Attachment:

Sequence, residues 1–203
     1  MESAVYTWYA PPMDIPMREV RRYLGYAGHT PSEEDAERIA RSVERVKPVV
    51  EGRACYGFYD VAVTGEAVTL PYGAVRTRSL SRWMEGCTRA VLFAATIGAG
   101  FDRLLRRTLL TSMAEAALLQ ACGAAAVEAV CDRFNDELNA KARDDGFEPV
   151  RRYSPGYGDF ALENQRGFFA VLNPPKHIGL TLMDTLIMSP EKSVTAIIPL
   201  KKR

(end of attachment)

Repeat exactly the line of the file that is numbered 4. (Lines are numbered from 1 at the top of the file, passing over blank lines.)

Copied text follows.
   101  FDRLLRRTLL TSMAEAALLQ ACGAAAVEAV CDRFNDELNA KARDDGFEPV